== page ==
The challenge of insufficient datasets for compressors
One common challenge is that machine learning algorithms need data to learn from, but data about failures is typically scarce. Industrial compressors are highly engineered systems designed not to fail, so a historical dataset collected from compressor systems is unlikely to show many episodes of failure, especially across the whole universe of different failure modes.
In addition, sensor-collected data has historically been used for real-time asset monitoring and failure alerts (alarms) rather than to construct databases of failures. Marking sensor-collected data with evidence of failures, an activity called data labeling, is key to improve the performance of machine learning algorithms, but has not traditionally been done in industrial settings. The lack of historical examples makes standard approaches focused on predicting future incidents based on past patterns challenging.
How to mitigate the lack of historical data on compressors
Sometimes, it is possible to mitigate this problem. Possible workarounds are to focus on recent failures for which back-labeling is still possible, or on frequent failures that constitute recurring pain points for the compressor system. This is generally done with the help of subject matter experts, who provide in-depth interpretation of the data.
In conclusion, while standard approaches focused on predicting future incidents based on historical data about failures are applicable, their performance might suffer in the initial phases of the projects due to lack of labeled historical data.
Also read: Pump Analytics: Solving Pump Inefficiency and CO2 Emissions
ANOTHER WAY YOU CAN GET STARTED FOR COMPRESSORS
Modern industrial monitoring systems allow operators to have real-time evaluation and alarming of critical parameters. More advanced systems may allow increasingly sophisticated monitoring options, for example, presenting derived values such as efficiency or identifying temporal trends in operational data.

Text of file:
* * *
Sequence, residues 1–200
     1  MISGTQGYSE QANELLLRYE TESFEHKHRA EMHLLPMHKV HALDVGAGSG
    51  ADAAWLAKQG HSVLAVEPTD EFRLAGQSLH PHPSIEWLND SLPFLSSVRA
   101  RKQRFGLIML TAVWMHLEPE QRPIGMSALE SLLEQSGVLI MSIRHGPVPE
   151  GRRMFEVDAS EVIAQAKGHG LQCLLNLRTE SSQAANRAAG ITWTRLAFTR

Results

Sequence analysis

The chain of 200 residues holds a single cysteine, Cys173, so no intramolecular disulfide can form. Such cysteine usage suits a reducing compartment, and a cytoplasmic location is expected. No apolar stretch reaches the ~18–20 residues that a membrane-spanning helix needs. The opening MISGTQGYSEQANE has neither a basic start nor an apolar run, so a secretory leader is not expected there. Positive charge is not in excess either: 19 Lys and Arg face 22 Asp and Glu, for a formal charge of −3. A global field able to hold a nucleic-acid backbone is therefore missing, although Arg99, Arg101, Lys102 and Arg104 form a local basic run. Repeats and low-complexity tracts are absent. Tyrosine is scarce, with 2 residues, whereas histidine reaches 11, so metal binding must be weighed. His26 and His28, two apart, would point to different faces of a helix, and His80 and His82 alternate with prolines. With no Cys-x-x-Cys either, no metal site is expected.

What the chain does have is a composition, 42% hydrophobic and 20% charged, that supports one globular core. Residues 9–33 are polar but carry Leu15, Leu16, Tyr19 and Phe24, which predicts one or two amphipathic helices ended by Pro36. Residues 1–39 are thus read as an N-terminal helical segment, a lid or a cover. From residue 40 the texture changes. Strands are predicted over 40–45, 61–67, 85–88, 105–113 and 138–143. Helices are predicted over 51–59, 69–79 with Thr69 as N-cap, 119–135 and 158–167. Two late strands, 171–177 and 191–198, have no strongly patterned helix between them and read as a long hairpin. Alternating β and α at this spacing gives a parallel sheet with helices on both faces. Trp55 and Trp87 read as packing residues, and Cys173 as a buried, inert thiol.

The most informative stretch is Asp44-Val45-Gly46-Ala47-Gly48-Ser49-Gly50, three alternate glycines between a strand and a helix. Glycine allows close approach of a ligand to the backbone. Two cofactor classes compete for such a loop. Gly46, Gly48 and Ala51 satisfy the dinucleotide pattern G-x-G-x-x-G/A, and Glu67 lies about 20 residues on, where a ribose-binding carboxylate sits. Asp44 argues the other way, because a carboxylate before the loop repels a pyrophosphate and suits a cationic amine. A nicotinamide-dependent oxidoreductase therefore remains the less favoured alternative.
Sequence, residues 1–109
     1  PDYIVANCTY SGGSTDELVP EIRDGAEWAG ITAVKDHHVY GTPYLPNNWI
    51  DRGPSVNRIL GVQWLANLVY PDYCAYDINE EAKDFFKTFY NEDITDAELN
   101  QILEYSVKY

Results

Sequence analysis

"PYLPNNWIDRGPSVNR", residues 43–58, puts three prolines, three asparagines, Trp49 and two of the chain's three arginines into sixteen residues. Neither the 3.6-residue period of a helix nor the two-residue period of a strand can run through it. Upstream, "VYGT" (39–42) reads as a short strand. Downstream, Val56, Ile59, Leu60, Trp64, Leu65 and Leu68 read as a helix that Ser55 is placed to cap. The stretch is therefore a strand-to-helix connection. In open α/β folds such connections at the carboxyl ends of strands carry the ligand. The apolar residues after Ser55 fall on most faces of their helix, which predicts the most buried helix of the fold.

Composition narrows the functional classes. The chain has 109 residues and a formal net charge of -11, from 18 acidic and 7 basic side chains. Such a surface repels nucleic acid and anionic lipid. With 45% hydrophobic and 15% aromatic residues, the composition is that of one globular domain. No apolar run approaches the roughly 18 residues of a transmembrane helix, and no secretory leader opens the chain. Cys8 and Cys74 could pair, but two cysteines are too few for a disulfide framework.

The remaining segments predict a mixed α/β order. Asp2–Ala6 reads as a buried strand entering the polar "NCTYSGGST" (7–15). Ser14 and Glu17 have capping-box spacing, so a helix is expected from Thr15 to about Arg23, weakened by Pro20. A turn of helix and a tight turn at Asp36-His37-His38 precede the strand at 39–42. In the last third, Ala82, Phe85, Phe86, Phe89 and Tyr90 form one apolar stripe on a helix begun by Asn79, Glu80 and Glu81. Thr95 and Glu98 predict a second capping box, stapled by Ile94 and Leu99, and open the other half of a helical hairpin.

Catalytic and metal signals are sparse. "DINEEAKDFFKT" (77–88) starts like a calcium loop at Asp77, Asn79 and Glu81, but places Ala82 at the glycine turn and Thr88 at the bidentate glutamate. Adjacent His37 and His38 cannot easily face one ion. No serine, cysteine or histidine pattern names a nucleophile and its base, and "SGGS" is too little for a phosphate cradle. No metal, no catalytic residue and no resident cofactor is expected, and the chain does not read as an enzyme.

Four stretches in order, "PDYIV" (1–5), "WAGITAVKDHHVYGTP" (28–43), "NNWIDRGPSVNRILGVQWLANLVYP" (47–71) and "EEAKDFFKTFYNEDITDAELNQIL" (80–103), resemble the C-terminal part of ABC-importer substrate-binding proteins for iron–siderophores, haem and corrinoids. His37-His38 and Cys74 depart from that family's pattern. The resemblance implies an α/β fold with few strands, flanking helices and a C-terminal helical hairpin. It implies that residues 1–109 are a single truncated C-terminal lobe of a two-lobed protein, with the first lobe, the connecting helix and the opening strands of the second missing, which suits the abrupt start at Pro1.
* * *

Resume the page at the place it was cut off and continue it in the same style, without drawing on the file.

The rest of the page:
How to identify critical events before they occur
However, such monitoring typically relies on hard-coded alerting thresholds and may still require significant expertise and analysis time in relating alerts to real problems needing action. Adding a well-designed machine learning layer to this workflow can simultaneously increase sophistication, and decrease the time needed to identify mission-critical events when or even before they occur. In addition, machine learning applications can improve over time, issuing fewer false alarms in the long run, which mitigates alarm fatigue.
Such a layer may contain one or both of the following approaches based on learnings from historical observations combined with an operator’s expert domain knowledge:
- Interpretable generic multi-sensor anomaly detection: Despite having few failure examples, a historian will contain plenty of sensor data from regular operations. An approach can therefore be developed to monitor all (or a subset of) compressor sensors simultaneously and alert an operator when the input is outside the regular operational domain based on historical observations. This approach is sometimes called anomaly or outlier detection, and uses algorithms that learn the patterns of regular operations without the need for data representing fault modes. Preference should be given to interpretable anomaly detection algorithms, which by their nature allow to draw a connection between an alert and the sensors contributing to it. Thus, guiding the operator to where in the compression system a problem might be occurring. The feedback from the operator can also be collected, and used to construct a dataset of labeled suspected failures. This data collection process serves the double purpose of improving the “generic anomaly detection” algorithm and laying the foundations for training fault-specific machine learning algorithms.